Pain Management

Pain Management

Persistent pain influences individuals differently. When a person experiences pain, it affects their physical being, thought patterns as well as their emotions and relationships. Behaviour and cognitive responses such as fear, anxiety and perceptions about the future becomes part of their pain experience. 

Tackling persistent pain with short term solutions and traditional strategies can result in further frustration and hopelessness. Modern pain science tells us that a different approach is imperative when addressing ongoing pain. We are complex beings and pain is a multi-faceted emergent experience which therefore warrants an approach that looks beyond our tissues.

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Pain in me | Tamar Pincus

“Pain is an unpleasant sensory and emotional experience associated with actual or potential tissue damage or described in terms of such damage”


“Pain is an opinion on the organism’s state of health rather than a mere reflexive response to injury”

Norman Doidge

“When the BRAIN concludes that there is more credible danger or threat related to your body than there is credible evidence of safety or non-threat to your body, you will experience PAIN”

David Butler

Pain Explained

We need to reframe pain. Instead of giving it a negative connection, what if we perceive it as an alarm that prompts action? When we experience PAIN, the brain is sending us an alarm or warning, alerting us to change how we are feeling, thinking and behaving, so we can protect our well-being. Our nervous system is then on alert and sensitised. Pain is thus a protector and not an accurate indicator of damage.

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Tame the beast

There is a lot that can be done!

The first step towards reversing your pain experience is a commitment to change. Pain is a complex  phenomenon influenced by a great number of things. Thus, there are many avenues for positive change and opportunities for recovery. Our bodies are designed to heal itself, provided that we give our bodies the right tools to do so.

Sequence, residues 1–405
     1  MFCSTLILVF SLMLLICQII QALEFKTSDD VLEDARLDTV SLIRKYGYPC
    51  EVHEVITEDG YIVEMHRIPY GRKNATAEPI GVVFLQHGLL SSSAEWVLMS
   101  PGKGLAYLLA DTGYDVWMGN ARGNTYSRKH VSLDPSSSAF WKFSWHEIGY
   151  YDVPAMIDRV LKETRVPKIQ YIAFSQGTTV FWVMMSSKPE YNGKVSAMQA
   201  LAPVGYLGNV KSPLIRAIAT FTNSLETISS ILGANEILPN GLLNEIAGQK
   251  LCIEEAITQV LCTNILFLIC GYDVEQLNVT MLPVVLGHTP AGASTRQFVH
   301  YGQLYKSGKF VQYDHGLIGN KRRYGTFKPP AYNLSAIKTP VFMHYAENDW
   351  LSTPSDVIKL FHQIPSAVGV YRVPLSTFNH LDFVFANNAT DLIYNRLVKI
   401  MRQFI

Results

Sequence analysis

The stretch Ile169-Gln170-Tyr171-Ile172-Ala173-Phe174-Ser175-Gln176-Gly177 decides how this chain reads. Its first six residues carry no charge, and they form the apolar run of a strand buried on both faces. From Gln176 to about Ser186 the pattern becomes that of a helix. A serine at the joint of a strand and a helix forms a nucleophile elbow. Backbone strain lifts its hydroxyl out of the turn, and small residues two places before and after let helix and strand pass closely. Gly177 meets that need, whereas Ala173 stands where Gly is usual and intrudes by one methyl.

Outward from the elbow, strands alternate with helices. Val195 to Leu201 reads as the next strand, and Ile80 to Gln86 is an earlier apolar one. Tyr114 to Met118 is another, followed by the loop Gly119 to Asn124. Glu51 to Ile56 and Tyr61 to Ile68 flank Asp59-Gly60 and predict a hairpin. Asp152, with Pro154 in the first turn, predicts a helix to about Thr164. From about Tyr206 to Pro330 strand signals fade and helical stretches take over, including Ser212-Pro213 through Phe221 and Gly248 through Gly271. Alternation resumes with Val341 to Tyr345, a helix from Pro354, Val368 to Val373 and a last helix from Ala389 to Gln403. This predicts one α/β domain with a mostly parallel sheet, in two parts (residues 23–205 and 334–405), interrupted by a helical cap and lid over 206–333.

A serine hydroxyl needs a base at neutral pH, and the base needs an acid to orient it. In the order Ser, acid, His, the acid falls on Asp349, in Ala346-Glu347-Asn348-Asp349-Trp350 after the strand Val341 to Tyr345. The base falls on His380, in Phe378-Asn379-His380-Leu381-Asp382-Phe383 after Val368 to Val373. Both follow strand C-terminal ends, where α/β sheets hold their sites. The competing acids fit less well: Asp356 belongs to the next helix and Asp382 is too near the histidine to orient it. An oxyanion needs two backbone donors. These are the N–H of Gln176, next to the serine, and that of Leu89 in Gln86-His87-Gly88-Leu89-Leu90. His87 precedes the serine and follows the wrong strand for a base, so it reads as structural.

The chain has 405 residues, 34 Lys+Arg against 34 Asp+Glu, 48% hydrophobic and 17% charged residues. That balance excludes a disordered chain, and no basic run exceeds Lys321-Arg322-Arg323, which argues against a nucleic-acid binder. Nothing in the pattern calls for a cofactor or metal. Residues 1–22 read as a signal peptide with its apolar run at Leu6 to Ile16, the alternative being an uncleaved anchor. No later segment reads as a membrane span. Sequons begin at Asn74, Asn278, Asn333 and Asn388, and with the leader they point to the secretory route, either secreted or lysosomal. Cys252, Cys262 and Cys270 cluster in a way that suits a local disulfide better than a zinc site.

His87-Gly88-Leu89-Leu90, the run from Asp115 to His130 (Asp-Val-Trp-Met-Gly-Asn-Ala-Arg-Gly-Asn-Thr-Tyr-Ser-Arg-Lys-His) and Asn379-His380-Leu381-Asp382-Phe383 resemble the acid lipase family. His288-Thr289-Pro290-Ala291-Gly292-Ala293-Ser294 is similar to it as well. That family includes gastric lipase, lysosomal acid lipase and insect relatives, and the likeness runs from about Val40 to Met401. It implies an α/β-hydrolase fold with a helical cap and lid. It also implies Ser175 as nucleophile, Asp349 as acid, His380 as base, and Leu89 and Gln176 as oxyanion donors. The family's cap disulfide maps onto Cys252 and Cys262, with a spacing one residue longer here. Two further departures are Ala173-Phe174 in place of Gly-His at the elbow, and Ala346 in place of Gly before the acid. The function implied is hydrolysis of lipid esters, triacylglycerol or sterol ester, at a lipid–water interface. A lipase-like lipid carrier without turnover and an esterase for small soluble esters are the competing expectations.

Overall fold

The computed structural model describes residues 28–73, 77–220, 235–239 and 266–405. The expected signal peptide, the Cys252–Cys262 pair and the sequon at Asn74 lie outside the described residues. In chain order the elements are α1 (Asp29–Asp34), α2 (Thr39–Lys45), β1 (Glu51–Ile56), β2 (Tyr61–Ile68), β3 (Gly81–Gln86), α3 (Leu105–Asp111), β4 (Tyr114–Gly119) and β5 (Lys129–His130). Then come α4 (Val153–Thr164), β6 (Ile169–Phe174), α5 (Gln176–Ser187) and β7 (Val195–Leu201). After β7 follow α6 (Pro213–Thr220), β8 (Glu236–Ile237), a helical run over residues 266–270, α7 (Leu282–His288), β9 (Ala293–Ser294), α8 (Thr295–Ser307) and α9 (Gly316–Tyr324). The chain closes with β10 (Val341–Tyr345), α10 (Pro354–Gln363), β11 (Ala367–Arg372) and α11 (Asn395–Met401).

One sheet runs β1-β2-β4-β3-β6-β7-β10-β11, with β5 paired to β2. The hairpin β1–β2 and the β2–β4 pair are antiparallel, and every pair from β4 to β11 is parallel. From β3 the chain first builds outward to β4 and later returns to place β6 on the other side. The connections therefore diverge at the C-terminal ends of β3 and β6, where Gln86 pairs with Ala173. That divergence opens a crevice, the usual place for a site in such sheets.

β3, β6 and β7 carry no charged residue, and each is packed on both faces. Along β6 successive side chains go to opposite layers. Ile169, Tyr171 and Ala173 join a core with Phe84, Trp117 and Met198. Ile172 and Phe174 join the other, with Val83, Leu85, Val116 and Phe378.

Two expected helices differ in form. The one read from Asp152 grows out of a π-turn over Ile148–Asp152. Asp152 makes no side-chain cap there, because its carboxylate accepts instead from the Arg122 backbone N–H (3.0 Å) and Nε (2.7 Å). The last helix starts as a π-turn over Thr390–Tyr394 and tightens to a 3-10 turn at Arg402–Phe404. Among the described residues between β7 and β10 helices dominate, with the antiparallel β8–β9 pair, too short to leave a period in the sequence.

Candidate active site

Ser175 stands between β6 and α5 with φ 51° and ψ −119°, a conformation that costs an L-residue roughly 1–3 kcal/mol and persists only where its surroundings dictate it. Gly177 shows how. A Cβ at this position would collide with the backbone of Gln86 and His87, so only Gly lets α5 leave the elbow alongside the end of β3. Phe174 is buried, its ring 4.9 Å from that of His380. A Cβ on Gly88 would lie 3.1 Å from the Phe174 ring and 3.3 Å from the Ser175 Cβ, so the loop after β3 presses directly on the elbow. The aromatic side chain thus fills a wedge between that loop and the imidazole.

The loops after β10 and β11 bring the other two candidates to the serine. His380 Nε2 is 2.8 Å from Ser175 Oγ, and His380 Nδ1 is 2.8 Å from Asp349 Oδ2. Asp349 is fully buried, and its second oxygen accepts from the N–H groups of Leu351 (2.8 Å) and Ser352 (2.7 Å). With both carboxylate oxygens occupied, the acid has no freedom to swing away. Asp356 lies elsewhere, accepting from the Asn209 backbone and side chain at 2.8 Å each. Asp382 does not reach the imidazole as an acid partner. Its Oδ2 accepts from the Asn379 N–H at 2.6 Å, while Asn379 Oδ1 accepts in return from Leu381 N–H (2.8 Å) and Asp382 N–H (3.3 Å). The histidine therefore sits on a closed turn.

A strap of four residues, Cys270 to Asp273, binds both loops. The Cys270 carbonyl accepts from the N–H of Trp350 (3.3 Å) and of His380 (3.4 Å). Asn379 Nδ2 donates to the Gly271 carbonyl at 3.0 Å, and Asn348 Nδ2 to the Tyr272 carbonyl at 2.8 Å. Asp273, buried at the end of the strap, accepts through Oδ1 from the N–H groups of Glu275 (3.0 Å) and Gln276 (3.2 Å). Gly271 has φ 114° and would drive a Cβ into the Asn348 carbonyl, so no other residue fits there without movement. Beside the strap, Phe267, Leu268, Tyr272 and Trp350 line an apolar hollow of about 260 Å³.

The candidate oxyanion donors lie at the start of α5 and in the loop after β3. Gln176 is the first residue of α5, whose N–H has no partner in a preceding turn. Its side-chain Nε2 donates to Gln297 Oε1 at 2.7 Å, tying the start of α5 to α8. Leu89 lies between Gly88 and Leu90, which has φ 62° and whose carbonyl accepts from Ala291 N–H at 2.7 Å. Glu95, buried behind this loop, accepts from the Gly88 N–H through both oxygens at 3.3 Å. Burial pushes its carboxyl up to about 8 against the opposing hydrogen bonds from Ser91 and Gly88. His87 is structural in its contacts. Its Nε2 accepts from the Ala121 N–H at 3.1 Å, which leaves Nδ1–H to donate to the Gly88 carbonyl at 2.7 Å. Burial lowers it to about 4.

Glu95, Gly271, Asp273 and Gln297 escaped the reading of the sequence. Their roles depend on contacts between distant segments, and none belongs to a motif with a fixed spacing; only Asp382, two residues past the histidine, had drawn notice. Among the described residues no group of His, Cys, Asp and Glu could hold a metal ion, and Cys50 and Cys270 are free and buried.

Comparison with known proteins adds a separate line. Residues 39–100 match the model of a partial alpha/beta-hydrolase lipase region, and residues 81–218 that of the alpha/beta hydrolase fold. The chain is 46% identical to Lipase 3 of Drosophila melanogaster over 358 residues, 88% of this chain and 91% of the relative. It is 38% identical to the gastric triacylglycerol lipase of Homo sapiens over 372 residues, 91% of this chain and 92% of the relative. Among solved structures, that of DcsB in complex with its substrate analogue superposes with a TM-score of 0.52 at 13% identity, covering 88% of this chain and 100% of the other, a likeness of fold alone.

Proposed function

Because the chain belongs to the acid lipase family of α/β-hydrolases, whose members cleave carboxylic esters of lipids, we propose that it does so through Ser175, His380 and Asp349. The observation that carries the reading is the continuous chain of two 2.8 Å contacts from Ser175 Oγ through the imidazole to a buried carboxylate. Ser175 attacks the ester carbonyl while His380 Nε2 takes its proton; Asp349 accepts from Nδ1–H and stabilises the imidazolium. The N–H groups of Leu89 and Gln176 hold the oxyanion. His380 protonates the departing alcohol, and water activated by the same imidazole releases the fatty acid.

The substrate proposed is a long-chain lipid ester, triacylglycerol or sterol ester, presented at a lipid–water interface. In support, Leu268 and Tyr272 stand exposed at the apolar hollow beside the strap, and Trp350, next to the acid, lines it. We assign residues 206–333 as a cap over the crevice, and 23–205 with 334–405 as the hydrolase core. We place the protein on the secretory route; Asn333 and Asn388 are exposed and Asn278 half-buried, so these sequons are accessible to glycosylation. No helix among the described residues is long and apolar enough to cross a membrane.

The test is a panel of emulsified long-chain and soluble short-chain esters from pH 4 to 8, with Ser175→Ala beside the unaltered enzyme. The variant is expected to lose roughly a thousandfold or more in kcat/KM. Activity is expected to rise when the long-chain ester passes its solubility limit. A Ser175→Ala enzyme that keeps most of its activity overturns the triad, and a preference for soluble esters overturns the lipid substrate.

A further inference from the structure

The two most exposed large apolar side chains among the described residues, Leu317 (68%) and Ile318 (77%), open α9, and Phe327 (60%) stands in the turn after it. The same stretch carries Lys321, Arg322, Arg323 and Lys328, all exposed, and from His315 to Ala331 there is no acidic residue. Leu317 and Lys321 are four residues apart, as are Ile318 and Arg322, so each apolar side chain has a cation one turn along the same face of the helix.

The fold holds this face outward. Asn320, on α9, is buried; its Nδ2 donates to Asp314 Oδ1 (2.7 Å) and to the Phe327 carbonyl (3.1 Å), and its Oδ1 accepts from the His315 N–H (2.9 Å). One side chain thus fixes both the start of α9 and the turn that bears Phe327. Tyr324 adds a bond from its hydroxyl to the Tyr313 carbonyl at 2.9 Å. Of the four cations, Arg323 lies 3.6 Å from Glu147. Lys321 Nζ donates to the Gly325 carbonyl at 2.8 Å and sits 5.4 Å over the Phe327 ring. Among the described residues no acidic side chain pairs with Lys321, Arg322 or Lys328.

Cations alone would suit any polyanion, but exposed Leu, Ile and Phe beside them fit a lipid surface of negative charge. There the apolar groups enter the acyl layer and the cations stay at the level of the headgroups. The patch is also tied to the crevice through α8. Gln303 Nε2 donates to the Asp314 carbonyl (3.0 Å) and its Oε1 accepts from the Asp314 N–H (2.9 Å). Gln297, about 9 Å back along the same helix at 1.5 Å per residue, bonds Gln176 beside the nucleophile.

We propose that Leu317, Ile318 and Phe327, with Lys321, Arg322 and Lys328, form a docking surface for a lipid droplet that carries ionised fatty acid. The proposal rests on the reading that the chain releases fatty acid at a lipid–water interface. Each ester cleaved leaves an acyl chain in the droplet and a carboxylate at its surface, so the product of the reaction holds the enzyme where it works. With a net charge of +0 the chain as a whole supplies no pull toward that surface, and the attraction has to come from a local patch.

On your journey to heal, consistency and daily positive habits lead to small improvements that will turn into bigger improvements. The power lies in switching paths from a downward spiral of PAIN and SUFFERING to a slow and steady road to recovery.  There are usually no QUICK fixes, but there are management strategies that require patience, persistence, perseverance, courage and coaching. 

This tried and tested route to recovery is centred around threat identification and graded exposure with the assistance of an interdisciplinary team of clinicians that will coach you while you are on your journey to recovery.

Our Approach

Our practice embraces an individually tailored active approach to assist this client group. The type of coaching that will best suit an individual with complex pain, is determined by a baseline consultation. This consultation comprises of an interview and a bio-pshyco-social assessment. The aim is to identify the pain mechanisms invovled as well as possible contributing factors. Following the assessment, an individualised, tailored program will be designed to suit the individual’s goals and challenges.  


We offer individually tailored pain coaching sessions which focus on strategies that will assist with challenges in daily life and specific goal setting. These sessions follow an activity driven and cognitive behavioural approach to pain management with the primary aim of improving quality of life and function. Various pain management strategies are introduced and tailored to the individual’s needs in this process.

Interventions prescribed may include one or more of the following:


This is a cognitive intervention based on the work of various pain scientists which aims to purposefully shift patients’ understanding away from the traditional biomedical and anatomical models. It equip patients with a better knowledge and understanding of how pain works. Both research and our personal experience have demonstrated the effectiveness of this approach in improving a person’s pain and management thereof. This important clinical tool is often overlooked in other medical approaches.